NEW YORK – The set didn't collapse. No one forgot his lines. Too bad. The cast of "Will & Grace," (search) who do a pretty slick job every week on their filmed sitcom, upped the ante Thursday night by airing the season opener live.
No one fell down. No fire alarm went off in the middle of a punch line. Too bad.
Sure, Debra Messing (search) and Sean Hayes (search) did have fleeting attacks of the giggles. In the first of the night's two live performances (this one staged for the eastern United States), Messing, who plays Grace, got tickled by Hayes, who plays Grace's flamboyantly gay pal, Jack.
"When an opportunity comes," Jack declared on the subject of his dating married men, "I don't question it! I grab it, drop its ring on the nightstand, and swing on it till dawn!"
Hearing that, Messing snickered a bit too long before coaxing out her response.
And in a later scene, when Hayes removed the eye patch he had been wearing to reveal a singed-off eyebrow (it looked funnier than it sounds), he and Messing nearly lost control.
Perhaps the night's biggest surprise — presumably scripted — was a juicy lip-lock between Eric McCormack (who stars as Will) and guest star Alec Baldwin (playing Will's peculiar boss). Not bad.
The scene was repeated in the West Coast edition of the live show, as were Messing's and Hayes' giggle fests. At the program's end, the cast took a bow before the studio audience and the crew in the control booth was shown erupting in cheers.
The zany half-hour centered on the discovery that the long-lost husband of Karen ( Megan Mullally) isn't dead, after all, but alive and well and hiding from the mob.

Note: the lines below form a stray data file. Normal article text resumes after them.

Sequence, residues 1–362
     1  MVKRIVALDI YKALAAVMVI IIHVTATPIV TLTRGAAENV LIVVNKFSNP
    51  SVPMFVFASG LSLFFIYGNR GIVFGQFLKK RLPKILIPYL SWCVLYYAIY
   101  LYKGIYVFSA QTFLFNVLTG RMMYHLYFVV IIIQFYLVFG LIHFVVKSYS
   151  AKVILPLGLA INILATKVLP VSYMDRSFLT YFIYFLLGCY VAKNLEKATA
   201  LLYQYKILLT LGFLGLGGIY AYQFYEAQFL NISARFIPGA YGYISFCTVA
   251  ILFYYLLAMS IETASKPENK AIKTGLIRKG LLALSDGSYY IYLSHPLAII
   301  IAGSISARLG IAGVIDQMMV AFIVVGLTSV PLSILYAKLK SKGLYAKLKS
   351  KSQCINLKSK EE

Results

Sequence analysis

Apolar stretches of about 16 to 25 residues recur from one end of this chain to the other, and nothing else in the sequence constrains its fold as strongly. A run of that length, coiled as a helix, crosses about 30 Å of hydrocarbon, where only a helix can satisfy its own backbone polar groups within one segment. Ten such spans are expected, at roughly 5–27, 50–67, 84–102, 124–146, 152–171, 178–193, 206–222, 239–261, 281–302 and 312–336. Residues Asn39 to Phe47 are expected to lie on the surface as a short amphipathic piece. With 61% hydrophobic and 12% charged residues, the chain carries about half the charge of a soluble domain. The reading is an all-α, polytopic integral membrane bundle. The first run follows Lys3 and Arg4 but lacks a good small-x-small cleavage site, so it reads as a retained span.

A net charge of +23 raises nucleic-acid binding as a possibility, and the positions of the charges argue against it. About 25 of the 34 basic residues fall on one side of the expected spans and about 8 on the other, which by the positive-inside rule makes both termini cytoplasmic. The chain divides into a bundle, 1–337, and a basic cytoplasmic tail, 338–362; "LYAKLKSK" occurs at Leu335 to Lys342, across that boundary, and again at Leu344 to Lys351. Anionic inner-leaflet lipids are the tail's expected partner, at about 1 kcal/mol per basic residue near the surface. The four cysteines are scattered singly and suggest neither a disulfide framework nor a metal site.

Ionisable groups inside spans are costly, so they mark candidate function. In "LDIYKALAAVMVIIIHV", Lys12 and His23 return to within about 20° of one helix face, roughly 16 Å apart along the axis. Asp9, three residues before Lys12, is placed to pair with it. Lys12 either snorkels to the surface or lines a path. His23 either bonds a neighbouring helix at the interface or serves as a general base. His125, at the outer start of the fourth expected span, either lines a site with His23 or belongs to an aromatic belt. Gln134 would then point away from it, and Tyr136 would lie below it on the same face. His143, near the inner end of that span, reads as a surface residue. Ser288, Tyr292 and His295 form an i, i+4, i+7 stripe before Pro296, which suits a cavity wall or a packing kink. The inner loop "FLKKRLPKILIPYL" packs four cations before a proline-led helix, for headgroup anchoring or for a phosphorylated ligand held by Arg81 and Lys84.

"But we were at the funeral. We scattered a trash bag full of his ashes!" said a shocked Grace when she heard the news from Will.
"Apparently that was just dirt and Rice Krispies," he explained.
Thus did the NBC sitcom begin its eighth and final season on a fun, and attention-grabbing, note.
Live "stunt" telecasts aren't unknown for established TV series, of course.
In November 1999, "The Drew Carey Show" staged a live improv-laced episode. Two years before that, "ER" produced an ambitious live hour of that medical drama. And for the entire 1992-93 season, the Fox sitcom "Roc," which starred Charles S. Dutton as a city garbage collector, produced all of its weekly half-hours live.
Next week, "Will & Grace" returns to its usual filmed format. And Jack's eye patch should be gone.
Why, you may ask, was he wearing it?
He told his friends he had suffered a mishap the night before on the set of his new talk show: "I tripped making my entrance, knocked over the light and caught the set on fire."
Just for laughs, why couldn't that have happened on Thursday's "Will & Grace"?